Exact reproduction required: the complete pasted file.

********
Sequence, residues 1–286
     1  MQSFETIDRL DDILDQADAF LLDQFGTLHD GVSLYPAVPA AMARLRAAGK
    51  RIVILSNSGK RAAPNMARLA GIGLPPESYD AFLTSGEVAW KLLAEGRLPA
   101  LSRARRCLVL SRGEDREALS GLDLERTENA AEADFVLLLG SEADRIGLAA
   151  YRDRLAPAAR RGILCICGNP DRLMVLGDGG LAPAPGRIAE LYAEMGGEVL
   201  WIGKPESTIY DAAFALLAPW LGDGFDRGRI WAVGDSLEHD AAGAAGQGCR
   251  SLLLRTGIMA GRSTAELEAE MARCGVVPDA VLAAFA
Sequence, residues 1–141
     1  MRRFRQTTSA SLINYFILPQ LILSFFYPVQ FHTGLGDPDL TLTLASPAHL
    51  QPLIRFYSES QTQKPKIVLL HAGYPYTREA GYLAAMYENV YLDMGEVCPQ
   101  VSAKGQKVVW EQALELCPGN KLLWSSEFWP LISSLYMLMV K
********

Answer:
Sequence, residues 1–286
     1  MQSFETIDRL DDILDQADAF LLDQFGTLHD GVSLYPAVPA AMARLRAAGK
    51  RIVILSNSGK RAAPNMARLA GIGLPPESYD AFLTSGEVAW KLLAEGRLPA
   101  LSRARRCLVL SRGEDREALS GLDLERTENA AEADFVLLLG SEADRIGLAA
   151  YRDRLAPAAR RGILCICGNP DRLMVLGDGG LAPAPGRIAE LYAEMGGEVL
   201  WIGKPESTIY DAAFALLAPW LGDGFDRGRI WAVGDSLEHD AAGAAGQGCR
   251  SLLLRTGIMA GRSTAELEAE MARCGVVPDA VLAAFA
Sequence, residues 1–141
     1  MRRFRQTTSA SLINYFILPQ LILSFFYPVQ FHTGLGDPDL TLTLASPAHL
    51  QPLIRFYSES QTQKPKIVLL HAGYPYTREA GYLAAMYENV YLDMGEVCPQ
   101  VSAKGQKVVW EQALELCPGN KLLWSSEFWP LISSLYMLMV K